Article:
Steven Chu Vows to Push Nuclear Power

Steven Chu said on Tuesday that he would push as the new energy secretary to help the nuclear energy and clean coal industries jump-start their contributions to battle the nation’s energy crisis.

The Nobel Prize-winning physicist told the Senate Energy and Natural Resources Committee during his confirmation hearing that he’d help streamline nuclear loan guarantees that would help the industry construct several new plants to produce low-emission energy and would push the Energy Department to examine options for recycling nuclear waste.

More Nuclear, Wind and other Energy News
Business Week indicates that wind power projects have financing problems.

According to market researcher Emerging Energy Research (EER), new installed wind capacity worldwide will increase by just 14% in 2009—less than half the typical annual growth rate booked in the past decade. Consultancy Accenture (ACN) projects wind power capital expenditures over the next two years could fall by as much as 30%.

The slowdown is closely tied to the global economic crisis. Project financing costs, a critical element in this capital-intensive sector, have skyrocketed as banks cut back on lending. Scores of independent (and often highly leveraged) energy producers have already been pushed out of the market. That could cause demand for wind turbines to fall by as much as one-third in 2009, as only cash-rich utilities such as Florida Power & Light (FPL) have the means to continue investing.

With sales soft, Europe’s turbine manufacturers have been forced to cut prices to offload unsold inventory and to shut down costly plants built to accommodate now-reduced global demand. Profit margins have fallen in tandem.

Analysts project it will take until 2012 to install what was previously projected for 2010.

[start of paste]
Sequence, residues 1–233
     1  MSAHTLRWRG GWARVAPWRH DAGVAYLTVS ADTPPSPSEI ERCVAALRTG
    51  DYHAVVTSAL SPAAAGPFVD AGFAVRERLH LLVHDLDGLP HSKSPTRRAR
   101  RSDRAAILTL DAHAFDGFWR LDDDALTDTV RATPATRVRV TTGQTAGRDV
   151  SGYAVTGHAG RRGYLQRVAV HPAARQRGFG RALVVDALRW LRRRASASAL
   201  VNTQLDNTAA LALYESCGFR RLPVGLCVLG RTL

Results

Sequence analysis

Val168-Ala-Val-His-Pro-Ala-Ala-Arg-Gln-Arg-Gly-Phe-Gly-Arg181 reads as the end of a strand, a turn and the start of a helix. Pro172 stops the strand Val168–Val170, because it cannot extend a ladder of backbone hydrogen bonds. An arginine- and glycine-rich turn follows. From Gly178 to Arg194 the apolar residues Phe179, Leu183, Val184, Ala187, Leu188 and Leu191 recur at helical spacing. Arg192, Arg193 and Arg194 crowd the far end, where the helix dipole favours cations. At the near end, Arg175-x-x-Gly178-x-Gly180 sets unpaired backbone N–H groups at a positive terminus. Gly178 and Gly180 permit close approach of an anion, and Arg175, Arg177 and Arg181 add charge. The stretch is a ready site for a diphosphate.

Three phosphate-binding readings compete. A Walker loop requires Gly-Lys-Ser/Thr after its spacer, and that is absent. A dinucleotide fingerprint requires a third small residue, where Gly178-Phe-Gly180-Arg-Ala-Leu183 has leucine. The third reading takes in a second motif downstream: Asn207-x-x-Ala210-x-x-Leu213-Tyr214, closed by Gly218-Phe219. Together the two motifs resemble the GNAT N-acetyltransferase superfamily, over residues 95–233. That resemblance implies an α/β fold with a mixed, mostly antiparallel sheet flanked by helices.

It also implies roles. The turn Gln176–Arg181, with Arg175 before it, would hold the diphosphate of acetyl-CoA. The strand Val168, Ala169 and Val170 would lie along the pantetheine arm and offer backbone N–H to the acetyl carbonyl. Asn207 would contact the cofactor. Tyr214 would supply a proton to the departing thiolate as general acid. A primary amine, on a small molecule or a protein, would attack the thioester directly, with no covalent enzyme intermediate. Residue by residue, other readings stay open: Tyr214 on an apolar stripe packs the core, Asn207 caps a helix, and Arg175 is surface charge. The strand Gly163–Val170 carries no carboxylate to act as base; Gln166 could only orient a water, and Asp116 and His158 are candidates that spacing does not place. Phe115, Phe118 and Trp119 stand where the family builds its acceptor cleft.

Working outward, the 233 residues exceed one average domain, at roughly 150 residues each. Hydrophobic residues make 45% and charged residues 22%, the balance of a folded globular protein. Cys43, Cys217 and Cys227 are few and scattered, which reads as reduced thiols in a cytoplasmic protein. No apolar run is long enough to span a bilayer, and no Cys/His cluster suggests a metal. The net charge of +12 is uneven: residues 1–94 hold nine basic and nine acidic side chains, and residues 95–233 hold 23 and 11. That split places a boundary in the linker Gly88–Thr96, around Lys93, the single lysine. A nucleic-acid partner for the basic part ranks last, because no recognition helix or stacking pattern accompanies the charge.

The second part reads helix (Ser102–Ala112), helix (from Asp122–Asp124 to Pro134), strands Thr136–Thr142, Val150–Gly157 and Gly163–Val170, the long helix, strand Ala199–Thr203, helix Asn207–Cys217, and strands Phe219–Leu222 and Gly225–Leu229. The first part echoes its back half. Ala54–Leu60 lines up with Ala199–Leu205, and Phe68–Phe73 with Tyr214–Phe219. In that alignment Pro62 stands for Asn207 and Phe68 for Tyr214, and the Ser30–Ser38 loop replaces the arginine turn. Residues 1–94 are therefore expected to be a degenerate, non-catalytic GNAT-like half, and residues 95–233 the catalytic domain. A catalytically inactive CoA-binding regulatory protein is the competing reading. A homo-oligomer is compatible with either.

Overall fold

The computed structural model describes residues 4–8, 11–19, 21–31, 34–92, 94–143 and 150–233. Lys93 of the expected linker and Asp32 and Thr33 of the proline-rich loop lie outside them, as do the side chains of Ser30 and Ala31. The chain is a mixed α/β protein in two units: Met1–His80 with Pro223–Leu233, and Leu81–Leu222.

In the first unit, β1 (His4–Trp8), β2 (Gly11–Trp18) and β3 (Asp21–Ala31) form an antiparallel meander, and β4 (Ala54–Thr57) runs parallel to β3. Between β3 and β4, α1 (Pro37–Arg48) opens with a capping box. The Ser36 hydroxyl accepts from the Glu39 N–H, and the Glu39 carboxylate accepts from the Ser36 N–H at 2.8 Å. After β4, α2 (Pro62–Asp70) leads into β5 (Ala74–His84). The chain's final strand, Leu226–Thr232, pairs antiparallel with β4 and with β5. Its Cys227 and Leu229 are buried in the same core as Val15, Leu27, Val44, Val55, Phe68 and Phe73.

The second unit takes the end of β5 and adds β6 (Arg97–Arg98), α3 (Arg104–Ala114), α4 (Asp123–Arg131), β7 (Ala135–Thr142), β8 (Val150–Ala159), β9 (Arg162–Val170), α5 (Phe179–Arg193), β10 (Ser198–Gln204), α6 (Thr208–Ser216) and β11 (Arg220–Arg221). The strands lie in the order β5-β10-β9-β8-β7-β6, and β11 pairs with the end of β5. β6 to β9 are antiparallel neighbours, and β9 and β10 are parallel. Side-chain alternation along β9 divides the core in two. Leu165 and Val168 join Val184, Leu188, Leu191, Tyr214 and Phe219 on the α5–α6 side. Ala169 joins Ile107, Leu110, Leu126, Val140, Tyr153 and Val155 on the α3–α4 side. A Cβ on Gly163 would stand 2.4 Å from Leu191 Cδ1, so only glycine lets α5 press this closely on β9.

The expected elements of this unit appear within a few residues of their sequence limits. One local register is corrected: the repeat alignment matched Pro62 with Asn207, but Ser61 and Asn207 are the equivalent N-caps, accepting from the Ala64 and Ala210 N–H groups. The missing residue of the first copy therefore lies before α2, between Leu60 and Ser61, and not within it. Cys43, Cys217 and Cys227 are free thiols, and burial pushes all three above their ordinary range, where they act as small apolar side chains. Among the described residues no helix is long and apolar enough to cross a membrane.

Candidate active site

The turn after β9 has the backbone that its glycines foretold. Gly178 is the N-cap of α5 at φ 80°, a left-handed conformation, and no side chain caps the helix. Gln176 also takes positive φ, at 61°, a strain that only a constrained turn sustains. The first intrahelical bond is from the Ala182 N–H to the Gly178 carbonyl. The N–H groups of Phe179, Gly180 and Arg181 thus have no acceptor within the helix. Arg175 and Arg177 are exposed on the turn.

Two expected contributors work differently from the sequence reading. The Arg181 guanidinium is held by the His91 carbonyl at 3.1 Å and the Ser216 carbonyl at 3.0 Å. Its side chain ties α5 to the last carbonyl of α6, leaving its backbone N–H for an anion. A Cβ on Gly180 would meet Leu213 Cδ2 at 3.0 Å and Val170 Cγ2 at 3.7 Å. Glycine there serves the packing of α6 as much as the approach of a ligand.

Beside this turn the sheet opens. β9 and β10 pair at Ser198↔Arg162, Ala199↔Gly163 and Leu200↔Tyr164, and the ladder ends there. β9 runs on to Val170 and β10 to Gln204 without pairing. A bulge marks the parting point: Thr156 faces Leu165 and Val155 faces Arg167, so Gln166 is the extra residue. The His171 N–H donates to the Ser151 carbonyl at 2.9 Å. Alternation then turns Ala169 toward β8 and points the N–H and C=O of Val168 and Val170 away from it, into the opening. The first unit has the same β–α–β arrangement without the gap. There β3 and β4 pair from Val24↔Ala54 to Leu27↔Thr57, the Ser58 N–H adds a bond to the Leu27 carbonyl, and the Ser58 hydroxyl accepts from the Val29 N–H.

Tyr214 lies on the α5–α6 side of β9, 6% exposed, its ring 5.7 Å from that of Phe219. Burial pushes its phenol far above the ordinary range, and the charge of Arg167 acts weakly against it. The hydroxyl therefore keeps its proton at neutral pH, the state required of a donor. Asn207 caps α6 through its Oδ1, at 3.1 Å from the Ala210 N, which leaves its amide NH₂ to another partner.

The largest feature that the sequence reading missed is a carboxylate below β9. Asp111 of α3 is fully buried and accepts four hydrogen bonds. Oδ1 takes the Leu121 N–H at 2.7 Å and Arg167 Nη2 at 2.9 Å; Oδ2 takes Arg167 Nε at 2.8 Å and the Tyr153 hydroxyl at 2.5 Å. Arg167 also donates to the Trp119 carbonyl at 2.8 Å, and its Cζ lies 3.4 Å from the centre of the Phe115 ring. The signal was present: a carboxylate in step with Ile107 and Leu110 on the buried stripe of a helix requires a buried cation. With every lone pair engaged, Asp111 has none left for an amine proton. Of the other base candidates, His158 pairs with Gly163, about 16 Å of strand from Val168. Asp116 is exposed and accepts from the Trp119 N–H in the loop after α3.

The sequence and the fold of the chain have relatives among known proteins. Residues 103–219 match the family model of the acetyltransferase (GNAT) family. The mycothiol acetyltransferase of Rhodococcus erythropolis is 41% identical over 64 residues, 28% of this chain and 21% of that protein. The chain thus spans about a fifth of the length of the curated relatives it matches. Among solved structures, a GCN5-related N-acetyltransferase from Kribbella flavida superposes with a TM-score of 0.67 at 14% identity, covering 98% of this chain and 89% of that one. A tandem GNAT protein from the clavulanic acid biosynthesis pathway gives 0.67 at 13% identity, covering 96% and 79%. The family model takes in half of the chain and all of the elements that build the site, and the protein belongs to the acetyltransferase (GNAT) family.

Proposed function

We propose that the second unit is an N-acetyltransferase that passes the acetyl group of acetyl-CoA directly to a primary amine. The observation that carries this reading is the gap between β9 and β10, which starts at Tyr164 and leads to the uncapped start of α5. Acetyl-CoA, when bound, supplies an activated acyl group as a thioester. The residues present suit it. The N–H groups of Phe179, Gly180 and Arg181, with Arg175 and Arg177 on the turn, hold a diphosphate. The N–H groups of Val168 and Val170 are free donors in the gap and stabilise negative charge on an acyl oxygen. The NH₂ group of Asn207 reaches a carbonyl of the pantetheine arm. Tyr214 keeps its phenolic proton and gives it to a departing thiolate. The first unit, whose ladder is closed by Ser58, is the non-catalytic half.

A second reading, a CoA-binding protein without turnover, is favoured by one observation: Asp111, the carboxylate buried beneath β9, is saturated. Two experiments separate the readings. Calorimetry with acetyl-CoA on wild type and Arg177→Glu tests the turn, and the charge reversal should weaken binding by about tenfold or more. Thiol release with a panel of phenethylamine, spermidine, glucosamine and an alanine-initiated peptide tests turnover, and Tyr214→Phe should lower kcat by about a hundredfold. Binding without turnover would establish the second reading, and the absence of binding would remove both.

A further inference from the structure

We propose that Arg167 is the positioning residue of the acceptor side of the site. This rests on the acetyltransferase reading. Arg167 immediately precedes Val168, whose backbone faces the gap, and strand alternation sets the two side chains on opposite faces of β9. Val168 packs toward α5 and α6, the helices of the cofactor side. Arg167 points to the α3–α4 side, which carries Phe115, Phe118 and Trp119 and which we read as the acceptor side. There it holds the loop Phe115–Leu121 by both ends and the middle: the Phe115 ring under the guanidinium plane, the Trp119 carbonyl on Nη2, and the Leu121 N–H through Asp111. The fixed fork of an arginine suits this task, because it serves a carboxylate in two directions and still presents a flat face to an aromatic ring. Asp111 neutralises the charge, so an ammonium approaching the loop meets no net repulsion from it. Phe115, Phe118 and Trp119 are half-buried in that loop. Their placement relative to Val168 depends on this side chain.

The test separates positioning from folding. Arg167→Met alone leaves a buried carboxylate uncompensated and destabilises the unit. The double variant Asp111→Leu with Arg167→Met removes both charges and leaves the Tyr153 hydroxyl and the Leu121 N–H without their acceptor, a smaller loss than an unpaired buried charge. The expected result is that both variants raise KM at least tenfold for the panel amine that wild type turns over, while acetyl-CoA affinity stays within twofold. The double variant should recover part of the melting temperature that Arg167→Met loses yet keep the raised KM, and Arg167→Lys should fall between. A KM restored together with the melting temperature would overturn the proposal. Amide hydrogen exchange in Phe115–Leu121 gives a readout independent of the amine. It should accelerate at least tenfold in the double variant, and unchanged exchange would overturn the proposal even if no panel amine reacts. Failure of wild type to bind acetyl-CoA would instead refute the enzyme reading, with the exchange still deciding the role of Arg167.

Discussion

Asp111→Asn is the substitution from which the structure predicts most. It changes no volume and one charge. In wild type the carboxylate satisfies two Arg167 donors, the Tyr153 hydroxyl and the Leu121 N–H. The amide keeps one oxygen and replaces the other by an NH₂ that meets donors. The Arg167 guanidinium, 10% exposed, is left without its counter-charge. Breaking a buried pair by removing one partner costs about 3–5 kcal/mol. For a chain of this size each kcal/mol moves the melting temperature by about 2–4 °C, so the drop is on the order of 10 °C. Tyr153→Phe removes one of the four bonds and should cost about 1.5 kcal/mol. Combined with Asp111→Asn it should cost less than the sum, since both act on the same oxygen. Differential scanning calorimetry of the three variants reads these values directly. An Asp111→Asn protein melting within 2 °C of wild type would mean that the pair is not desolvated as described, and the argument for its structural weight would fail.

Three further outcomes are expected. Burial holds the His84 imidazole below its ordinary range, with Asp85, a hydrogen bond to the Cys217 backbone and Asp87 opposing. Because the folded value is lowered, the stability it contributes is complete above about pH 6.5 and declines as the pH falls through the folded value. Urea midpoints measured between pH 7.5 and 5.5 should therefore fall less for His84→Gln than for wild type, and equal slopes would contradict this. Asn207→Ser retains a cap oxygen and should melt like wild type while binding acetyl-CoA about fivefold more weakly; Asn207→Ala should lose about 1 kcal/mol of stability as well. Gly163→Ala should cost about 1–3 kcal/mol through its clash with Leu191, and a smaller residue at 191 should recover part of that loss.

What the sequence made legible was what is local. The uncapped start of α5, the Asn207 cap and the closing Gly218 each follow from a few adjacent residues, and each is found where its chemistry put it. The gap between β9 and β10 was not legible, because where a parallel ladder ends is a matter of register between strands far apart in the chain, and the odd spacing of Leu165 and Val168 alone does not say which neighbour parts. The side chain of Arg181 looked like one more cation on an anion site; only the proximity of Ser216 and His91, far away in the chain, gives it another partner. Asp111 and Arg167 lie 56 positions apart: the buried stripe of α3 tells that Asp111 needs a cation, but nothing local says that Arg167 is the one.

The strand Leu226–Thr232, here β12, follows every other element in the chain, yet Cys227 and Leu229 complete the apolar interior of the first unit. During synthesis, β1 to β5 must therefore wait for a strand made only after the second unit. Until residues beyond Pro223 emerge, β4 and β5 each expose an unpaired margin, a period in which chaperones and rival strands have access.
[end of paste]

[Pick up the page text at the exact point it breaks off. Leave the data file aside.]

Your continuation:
For European players, the toughest problem now is rising financing costs that render many wind projects no longer cost-effective. Industry watchers figure the cost of capital has jumped by up to 200 basis points (two percentage points) over the past six months as banks embraced more conservative lending practices.

Global wind capacity is expected nearly to double by 2020. But for now, public sector help seems needed. Says Sak Nayagam, climate change lead at Accenture: “Government help for the wind industry could provide a much-needed economic stimulus.”

Until U.S. President-elect Barack Obama outlines more details about his proposed $150 billion, 10-year plan to invest in green energy, analysts reckon investors will shy away from the sector

European utilities On and RWE will act together to build “at least 6000 MWe” of nuclear capacity in the UK.

EOn signed a letter of intent to cooperate with Siemens and Areva to build the latter’s 1600 MWe EPR design in April last year and it has gone on to secure a grid connection agreement for exactly 1600 MWe at Oldbury B. Meanwhile, RWE has secured agreements for three 1200 MWe connections at Wylfa C. This matches the output of Westinghouse’s AP1000 reactor.

The connection deals are in the ‘scoping’ phase and would all be available between 2020 and 2022, according to data published on 12 January by the UK’s National Grid company. They total 5200 MWe, leaving space for one more project to fulfill EOn and RWE’s stated goal of 6000 MWe.

Separately in the UK’s rush to replace its aging nuclear fleet, British Energy and its new owner Electricité de France plan four EPRs: two at Sizewell C and two at Hinkley Point C.

If all these projects go ahead, nuclear energy would generate about 35% of UK electricity in the 2020s, compared to about 15% last year and an all-time high of around 30% in the 1980s.

Italy continuing poltical moves and building commitment for major nuclear energy construction.

MIT is advancing an improved imaging technology for oil wells. This could help enhanced oil recovery. Only about 30% or less of the oil in the ground is removed before conventional drilling is unable to remove it economically.